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Urologe A. 2008 Nov;47(11):1431-5. doi: 10.1007/s00120-008-1724-3.

[pT3R1 prostate cancer : Immediate or delayed radiotherapy after radical prostatectomy?].

[Article in German]

Author information

1
Klinik f├╝r Strahlentherapie und Radioonkologie, Universit├Ątsklinikum Ulm, Robert-Koch-Strasse 6, 89081, Ulm, Deutschland. dirk.bottke@uniklinik-ulm.de

Abstract

Approximately 50-60% of patients with tumor stage pT3R1 after radical prostatectomy (RP) who do not receive adjuvant therapy develop biochemical progression. At present it is unclear whether these patients should undergo immediate adjuvant irradiation or whether a wait and see approach should be adopted while monitoring PSA until the PSA level rises from zero and then initiate salvage radiotherapy (SRT).Three randomized trials showed that an absolute improvement of 20% in the 5-year biochemical no evidence of disease (bNED) could be achieved by administering adjuvant radiotherapy with 60 Gy in patients with tumor stage pT3R1, even with a PSA level around zero after RP. The rate of serious late effects is low. On the other hand, there are numerous, albeit retrospective studies, which provide evidence that SRT after an increase in PSA above zero is an effective treatment, but with higher total doses of 66-70 Gy and a higher rate of late effects. Prognostic factors such as the PSA level before radiotherapy is started, PSA doubling time, R1 resection, PSA velocity, and the Gleason score have a significant impact on both the return of the PSA level to zero and the bNED. Depending on the risk factor, between 20 and 70% of patients again achieve PSA levels around zero after SRT. Retrospective comparative studies suggest a benefit of adjuvant radiotherapy; prospective randomized trials do not exist.Adjuvant radiotherapy after RP in stage pT3R1 tumor and SRT in cases of PSA rising above zero or persistent PSA levels are valid options for the management of high-risk patients after RP. SRT requires higher total doses and thus carries a higher risk of late complications. A benefit has been demonstrated for bNED, but not for survival. The approach should be discussed with the individual patient.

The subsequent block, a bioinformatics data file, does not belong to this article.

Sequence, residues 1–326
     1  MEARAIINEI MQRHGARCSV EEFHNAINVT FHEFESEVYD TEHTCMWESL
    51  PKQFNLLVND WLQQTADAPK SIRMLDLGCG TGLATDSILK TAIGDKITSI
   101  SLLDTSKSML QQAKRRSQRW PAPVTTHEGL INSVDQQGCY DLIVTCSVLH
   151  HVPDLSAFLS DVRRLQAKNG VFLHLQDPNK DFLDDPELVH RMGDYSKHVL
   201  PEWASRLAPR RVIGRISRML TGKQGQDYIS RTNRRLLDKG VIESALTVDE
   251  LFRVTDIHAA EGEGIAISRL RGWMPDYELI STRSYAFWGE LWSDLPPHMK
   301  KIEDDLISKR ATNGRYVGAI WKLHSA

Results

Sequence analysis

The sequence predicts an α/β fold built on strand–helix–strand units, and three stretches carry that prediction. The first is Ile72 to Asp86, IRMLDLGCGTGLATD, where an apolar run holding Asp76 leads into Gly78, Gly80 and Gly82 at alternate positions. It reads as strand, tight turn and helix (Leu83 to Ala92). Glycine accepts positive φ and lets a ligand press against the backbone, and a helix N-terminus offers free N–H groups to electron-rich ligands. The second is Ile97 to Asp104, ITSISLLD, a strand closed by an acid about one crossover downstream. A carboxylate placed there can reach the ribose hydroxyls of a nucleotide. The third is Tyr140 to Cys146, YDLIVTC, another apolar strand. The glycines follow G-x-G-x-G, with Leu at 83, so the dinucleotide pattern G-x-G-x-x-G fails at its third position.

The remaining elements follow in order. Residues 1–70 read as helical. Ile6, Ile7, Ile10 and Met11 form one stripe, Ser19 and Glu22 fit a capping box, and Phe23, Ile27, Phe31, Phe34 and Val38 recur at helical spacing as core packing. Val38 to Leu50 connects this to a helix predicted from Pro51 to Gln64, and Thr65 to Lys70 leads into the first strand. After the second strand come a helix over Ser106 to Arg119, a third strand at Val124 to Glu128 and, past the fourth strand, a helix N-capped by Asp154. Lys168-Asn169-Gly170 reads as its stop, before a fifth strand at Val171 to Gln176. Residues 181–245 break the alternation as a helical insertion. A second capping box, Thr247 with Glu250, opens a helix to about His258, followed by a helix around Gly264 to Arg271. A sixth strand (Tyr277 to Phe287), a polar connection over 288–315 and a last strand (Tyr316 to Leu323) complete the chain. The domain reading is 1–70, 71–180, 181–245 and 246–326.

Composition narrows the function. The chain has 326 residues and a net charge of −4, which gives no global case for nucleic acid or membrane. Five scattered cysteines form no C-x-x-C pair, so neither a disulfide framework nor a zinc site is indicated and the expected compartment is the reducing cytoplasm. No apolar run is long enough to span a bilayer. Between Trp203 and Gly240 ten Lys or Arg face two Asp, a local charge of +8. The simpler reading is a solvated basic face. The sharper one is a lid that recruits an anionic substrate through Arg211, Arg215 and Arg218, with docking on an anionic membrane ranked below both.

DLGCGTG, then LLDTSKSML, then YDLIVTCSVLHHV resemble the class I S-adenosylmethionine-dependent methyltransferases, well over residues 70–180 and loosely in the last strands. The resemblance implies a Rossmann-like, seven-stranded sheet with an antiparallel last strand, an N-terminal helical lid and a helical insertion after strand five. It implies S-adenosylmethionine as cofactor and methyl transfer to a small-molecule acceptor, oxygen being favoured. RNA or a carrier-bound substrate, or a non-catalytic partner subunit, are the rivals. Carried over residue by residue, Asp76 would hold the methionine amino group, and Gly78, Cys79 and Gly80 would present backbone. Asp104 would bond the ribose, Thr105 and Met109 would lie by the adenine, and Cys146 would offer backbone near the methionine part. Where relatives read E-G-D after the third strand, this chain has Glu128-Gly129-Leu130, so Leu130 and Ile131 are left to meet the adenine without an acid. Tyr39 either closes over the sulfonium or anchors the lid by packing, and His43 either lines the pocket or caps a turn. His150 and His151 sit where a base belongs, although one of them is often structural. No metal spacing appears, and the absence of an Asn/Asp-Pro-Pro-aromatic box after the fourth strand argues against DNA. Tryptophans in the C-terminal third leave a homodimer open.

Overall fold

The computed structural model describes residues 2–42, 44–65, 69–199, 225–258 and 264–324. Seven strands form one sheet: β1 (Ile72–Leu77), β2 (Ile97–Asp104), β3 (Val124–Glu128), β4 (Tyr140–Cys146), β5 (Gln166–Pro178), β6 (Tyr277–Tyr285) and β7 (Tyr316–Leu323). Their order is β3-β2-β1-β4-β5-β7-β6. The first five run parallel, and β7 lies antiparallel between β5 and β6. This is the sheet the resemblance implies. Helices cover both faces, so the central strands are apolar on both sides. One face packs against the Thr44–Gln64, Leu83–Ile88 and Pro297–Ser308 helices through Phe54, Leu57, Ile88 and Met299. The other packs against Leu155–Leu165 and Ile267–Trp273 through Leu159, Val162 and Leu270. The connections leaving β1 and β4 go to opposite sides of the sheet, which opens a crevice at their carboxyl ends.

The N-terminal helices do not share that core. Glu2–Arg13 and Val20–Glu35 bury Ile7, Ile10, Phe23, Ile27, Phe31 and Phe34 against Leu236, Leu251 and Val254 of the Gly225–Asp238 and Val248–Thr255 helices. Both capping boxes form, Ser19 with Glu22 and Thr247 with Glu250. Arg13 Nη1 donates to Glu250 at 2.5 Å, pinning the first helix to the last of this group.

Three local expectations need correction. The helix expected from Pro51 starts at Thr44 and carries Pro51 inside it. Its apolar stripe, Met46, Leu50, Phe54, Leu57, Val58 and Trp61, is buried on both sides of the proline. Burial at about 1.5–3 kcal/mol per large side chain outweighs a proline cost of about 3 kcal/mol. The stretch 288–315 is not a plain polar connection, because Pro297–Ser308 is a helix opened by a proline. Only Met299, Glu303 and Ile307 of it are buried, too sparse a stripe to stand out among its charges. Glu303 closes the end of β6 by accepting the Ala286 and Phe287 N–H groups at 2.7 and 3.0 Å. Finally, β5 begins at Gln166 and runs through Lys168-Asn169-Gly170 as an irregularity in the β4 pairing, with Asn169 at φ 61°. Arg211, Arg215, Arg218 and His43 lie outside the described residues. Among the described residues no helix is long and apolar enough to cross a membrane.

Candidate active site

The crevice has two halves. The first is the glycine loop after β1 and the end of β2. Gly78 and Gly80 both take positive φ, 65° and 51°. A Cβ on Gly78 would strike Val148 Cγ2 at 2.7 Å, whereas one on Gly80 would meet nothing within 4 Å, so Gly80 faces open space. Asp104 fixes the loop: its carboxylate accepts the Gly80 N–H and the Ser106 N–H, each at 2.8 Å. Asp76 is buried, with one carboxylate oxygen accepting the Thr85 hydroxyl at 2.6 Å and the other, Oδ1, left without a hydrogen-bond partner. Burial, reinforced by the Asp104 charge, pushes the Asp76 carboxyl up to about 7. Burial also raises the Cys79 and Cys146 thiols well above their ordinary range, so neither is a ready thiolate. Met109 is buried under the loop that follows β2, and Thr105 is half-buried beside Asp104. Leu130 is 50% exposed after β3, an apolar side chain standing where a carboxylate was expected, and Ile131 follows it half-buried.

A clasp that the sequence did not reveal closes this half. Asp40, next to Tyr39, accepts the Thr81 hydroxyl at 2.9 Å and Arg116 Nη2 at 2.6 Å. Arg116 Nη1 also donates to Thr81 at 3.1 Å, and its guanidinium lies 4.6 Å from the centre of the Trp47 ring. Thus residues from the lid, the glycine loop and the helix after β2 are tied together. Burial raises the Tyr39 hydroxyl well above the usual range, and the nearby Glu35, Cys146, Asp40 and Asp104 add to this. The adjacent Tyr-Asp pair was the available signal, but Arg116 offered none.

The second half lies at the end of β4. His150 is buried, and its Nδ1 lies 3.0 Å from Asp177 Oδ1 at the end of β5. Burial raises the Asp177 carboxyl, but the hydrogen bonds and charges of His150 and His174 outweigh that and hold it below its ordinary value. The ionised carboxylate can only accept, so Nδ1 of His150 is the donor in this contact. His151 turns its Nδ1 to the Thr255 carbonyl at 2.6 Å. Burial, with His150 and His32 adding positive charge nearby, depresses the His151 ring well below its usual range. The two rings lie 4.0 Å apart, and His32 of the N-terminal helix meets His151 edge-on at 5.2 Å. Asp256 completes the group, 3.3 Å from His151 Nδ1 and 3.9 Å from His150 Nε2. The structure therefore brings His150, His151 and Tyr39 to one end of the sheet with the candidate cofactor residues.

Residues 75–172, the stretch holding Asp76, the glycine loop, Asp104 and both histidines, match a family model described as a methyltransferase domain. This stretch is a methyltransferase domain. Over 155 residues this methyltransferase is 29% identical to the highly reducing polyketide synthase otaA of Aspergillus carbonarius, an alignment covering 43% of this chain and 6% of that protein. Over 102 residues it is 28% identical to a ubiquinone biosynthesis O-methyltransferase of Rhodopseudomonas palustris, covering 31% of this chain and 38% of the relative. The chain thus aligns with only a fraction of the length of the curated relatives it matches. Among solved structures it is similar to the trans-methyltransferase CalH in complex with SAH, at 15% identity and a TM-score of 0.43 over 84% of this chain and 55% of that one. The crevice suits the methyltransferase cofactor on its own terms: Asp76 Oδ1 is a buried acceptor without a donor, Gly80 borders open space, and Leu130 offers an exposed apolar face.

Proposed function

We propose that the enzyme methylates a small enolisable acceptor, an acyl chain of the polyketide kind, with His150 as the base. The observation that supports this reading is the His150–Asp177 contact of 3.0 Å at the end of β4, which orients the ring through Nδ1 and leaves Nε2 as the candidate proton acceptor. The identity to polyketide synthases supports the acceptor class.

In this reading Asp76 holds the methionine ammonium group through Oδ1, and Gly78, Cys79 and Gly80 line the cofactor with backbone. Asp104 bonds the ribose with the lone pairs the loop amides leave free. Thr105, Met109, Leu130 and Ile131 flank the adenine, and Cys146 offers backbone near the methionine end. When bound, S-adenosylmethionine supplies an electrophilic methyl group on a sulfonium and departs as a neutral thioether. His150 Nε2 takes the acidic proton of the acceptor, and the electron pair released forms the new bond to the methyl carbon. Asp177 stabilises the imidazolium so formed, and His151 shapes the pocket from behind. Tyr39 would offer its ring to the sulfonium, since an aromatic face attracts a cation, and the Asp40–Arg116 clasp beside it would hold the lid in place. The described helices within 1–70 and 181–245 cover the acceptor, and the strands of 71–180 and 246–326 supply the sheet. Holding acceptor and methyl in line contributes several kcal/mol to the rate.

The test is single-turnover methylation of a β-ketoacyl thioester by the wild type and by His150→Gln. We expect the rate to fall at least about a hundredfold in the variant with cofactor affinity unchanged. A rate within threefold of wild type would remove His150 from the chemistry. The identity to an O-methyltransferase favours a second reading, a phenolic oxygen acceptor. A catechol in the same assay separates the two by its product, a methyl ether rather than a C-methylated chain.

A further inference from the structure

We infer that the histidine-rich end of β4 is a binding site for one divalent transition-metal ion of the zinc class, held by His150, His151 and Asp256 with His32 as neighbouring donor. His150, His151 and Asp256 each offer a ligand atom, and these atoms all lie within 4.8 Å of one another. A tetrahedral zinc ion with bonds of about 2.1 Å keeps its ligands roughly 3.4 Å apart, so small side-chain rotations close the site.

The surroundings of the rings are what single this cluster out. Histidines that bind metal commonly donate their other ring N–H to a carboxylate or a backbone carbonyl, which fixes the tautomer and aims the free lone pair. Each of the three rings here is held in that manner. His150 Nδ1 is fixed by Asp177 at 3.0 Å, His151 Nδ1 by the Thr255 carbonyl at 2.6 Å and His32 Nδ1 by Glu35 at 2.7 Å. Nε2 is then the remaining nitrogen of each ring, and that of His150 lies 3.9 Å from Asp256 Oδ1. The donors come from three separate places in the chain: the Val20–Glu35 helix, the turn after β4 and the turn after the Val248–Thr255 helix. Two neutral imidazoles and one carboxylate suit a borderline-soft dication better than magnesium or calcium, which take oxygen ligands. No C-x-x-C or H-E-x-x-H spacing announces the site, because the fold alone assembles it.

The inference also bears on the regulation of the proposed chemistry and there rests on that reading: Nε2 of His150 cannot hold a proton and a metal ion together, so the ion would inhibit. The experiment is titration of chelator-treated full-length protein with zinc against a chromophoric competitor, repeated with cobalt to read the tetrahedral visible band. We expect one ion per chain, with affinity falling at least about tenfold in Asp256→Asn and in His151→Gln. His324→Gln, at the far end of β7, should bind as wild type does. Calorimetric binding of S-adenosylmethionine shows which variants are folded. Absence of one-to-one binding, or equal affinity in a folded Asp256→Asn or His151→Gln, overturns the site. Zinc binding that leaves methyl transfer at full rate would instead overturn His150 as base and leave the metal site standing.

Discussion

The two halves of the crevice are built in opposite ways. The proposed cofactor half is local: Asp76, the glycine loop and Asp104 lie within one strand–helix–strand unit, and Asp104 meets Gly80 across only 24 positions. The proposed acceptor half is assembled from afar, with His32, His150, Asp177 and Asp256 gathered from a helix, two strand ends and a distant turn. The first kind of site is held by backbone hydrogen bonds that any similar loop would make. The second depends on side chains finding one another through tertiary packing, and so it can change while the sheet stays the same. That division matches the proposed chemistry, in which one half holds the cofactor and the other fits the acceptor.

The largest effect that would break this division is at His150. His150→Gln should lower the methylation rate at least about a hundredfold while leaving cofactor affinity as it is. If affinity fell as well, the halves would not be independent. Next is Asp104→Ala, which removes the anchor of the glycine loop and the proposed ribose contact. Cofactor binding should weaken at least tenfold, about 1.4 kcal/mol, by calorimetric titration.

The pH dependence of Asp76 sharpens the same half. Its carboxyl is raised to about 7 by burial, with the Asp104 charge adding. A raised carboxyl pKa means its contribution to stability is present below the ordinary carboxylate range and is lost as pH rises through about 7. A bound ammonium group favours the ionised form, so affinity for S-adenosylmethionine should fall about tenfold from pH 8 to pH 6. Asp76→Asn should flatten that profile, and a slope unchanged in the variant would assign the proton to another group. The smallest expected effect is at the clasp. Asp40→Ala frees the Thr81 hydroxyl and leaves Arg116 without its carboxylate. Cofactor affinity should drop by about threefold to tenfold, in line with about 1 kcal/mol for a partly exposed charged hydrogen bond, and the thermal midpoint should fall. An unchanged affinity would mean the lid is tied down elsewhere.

PMID:
18810383
DOI:
10.1007/s00120-008-1724-3
[Indexed for MEDLINE]
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